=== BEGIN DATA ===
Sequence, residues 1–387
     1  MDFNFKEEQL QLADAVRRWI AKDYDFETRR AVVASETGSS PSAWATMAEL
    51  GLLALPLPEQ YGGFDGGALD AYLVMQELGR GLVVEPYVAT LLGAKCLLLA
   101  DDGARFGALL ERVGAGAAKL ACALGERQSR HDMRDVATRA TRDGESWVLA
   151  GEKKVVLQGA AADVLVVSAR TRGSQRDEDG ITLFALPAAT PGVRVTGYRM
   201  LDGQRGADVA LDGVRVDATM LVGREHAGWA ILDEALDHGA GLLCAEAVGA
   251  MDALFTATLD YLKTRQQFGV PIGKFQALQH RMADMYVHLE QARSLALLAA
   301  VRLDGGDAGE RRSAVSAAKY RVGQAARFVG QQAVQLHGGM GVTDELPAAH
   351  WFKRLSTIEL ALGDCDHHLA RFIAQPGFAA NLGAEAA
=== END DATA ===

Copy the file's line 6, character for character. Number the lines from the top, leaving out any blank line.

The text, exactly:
   201  LDGQRGADVA LDGVRVDATM LVGREHAGWA ILDEALDHGA GLLCAEAVGA